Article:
I agree with your idea that the girls be given the opportunity to approach their community members about their service projects. It gives a sense of ownership to them in their communities doing the interviews and surveys.
In almost every school, there are visitation days
Plans to keep the girls connected while at school would be visiting with them in their respective schools once a month, see how they are fairing in schools. Many of them are in boarding schools so getting out of school within the term more than once would not be recommended.
I also updated my idea with some of the ideas from you.
Great insights you've got!
Thank you very much for your support this far.
Warm regards,
Beatrice

Photo of Bettina Fliegel
Team

I am enjoying the conversation Beatrice. It is interesting to learn so much about the girls in Uganda and their struggles. More programs are needed to improve their futures.

Photo of Beatrice Achieng Nas
Team

Thank you for this too.
I personally try my very best to improve the lives of girls, supporting 103 in school through individual support from across the globe :)
If this works well, more girls will be transformed.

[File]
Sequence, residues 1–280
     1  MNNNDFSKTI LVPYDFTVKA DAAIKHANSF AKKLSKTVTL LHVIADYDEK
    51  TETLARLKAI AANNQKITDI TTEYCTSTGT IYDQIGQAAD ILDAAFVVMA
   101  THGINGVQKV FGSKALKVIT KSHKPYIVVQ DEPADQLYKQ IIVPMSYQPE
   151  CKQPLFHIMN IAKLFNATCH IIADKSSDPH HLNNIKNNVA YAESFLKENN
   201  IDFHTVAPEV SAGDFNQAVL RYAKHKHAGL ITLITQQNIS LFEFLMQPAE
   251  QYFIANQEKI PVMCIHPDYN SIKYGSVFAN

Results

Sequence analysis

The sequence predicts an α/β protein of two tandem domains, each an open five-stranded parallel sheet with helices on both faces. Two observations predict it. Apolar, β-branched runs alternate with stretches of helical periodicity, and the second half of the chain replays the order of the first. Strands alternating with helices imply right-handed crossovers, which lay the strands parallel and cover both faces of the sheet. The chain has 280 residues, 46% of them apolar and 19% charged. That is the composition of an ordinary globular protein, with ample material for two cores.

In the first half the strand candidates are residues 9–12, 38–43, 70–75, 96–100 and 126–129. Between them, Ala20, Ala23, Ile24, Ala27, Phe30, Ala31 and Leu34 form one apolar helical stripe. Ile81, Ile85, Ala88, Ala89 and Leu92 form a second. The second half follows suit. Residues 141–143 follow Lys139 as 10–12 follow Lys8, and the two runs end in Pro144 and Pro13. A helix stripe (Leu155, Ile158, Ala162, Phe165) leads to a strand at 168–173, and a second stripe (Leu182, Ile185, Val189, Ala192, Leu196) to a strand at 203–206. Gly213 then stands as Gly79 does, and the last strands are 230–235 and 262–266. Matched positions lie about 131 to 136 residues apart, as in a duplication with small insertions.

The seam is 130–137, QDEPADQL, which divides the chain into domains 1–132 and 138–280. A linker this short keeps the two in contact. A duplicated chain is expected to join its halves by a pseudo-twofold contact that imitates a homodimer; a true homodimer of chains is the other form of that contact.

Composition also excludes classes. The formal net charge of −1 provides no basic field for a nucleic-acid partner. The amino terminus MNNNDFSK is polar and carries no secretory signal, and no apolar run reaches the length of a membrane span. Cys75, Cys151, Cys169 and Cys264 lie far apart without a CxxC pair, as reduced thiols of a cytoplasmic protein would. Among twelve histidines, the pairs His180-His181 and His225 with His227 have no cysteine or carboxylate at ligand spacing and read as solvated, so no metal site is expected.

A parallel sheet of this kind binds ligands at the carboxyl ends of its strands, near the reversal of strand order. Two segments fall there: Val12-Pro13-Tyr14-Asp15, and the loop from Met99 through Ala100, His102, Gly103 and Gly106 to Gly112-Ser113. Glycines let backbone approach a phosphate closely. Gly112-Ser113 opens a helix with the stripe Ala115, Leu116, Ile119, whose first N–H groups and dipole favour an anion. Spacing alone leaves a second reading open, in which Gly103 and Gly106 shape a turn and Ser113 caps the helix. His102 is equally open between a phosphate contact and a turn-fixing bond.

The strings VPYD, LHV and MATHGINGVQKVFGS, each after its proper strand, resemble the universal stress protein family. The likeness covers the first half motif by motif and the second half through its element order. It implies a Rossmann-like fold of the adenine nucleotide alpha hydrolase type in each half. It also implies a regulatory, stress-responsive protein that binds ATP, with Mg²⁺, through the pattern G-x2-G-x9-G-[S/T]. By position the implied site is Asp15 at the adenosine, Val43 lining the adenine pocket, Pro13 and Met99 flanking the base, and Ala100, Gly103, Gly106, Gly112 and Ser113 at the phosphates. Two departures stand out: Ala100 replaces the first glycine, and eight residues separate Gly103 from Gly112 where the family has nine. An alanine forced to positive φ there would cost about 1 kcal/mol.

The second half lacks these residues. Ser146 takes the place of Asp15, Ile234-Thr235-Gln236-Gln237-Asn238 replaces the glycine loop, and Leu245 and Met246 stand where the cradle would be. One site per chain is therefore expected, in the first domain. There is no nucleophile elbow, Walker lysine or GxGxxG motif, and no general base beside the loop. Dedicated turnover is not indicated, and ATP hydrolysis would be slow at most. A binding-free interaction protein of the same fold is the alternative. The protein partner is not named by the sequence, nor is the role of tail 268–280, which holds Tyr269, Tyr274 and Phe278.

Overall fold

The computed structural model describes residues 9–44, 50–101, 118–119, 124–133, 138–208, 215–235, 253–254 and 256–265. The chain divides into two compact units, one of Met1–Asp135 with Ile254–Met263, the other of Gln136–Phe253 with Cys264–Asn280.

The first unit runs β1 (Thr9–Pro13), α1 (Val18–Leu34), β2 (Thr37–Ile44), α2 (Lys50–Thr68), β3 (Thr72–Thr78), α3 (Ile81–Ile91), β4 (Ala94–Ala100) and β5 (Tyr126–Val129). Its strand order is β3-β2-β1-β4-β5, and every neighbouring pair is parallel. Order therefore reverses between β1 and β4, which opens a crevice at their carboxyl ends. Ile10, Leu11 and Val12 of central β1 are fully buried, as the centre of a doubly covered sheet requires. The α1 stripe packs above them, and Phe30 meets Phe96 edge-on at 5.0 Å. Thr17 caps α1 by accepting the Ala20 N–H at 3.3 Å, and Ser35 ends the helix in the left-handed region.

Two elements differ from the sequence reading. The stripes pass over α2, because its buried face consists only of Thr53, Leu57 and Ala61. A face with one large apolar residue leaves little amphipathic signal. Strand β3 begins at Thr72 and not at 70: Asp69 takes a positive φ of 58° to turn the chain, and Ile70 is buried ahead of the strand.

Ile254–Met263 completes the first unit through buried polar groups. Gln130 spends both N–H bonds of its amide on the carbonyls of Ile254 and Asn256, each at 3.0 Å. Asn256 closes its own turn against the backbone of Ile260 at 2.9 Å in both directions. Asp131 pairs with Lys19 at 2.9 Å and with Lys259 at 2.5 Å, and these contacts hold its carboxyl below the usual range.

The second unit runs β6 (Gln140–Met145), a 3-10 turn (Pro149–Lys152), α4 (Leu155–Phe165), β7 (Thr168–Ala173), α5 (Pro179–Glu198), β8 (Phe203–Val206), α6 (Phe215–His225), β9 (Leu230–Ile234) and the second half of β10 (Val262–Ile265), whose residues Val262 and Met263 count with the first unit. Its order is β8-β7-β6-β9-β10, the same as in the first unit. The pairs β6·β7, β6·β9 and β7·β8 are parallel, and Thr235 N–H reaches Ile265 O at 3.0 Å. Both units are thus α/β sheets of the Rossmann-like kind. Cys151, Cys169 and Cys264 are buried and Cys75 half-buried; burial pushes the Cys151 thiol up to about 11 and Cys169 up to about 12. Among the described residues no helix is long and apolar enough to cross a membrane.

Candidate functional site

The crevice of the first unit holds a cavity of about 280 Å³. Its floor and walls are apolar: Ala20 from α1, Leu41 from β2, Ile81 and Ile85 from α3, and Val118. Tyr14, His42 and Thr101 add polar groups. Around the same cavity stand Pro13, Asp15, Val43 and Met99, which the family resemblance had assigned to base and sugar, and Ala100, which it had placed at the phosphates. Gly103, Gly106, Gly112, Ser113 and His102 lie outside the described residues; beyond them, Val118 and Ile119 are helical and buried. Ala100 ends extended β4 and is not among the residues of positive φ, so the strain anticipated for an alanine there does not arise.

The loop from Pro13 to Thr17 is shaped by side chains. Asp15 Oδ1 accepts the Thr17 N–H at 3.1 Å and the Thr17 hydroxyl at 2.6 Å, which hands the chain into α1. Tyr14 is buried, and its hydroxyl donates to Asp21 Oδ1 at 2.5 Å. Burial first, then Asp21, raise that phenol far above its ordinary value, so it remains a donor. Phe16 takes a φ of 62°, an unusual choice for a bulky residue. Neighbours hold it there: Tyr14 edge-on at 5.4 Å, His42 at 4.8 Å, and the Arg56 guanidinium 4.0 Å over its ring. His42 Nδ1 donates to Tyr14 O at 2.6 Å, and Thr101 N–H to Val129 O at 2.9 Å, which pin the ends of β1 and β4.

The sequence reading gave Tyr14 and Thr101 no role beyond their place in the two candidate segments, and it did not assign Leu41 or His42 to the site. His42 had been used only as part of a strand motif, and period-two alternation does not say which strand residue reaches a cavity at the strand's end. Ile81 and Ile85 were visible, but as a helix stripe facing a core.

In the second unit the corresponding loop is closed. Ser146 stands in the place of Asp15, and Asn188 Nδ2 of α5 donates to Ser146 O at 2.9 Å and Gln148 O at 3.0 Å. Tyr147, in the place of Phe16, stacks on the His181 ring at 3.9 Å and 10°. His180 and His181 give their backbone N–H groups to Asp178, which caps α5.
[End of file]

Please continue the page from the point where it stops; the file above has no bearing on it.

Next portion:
Let's keep intouch.
Warm regards,
Beatrice

Photo of Bettina Fliegel
Team

Definitely! Let me know if I can help more as you update!

Photo of Meena Kadri
Team

Great updates, Beatrice! Would be helpful if you can fill out the two additional sections in the submission form: Show Us What Implementation Might Look Like + Get a User's Perspective on Your Idea. We're sure you've got great insights to share for both sections, ahead of our Evaluation phase which starts in a couple of days.

Photo of Beatrice Achieng Nas
Team

Thank you Meena!
I filled out the two sections!
Many thanks again for your help this far..

Photo of Meena Kadri
Team

Nice one, Beatrice!

Photo of Beatrice Achieng Nas
Team

Thank you Meena!

Photo of Pâmella Brum
Team

I think that that's a great idea Beatrice!! Encouraging them to keep studying and making them more aware of future opportunities that there might be for them as well as providing them with knowledge that will help them make better life choices is a great idea that will impact their future and possibly the whole future of the community as they move away from sexual abuse, dropping out of school and other issues. Hope to see that working out well! Perhaps an idea would be to partner with NGO's that can assist in getting people to teach in the workshops and seminars.

Photo of Beatrice Achieng Nas
Team

Hi Pamella,
Thank you so much for your feedback.
You are right, partnering with other NGOs and specialists to help with the mentoring and skills development in this project is one of our immediate steps.